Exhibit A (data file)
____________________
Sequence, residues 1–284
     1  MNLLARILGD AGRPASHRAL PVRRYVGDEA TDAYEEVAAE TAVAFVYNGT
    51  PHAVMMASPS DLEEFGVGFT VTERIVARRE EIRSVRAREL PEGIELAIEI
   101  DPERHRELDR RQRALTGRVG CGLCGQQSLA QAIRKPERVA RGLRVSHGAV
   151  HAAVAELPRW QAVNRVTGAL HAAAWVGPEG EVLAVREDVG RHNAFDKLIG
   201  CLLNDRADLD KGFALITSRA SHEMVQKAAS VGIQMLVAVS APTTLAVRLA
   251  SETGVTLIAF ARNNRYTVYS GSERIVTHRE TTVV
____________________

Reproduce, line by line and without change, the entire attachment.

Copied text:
Sequence, residues 1–284
     1  MNLLARILGD AGRPASHRAL PVRRYVGDEA TDAYEEVAAE TAVAFVYNGT
    51  PHAVMMASPS DLEEFGVGFT VTERIVARRE EIRSVRAREL PEGIELAIEI
   101  DPERHRELDR RQRALTGRVG CGLCGQQSLA QAIRKPERVA RGLRVSHGAV
   151  HAAVAELPRW QAVNRVTGAL HAAAWVGPEG EVLAVREDVG RHNAFDKLIG
   201  CLLNDRADLD KGFALITSRA SHEMVQKAAS VGIQMLVAVS APTTLAVRLA
   251  SETGVTLIAF ARNNRYTVYS GSERIVTHRE TTVV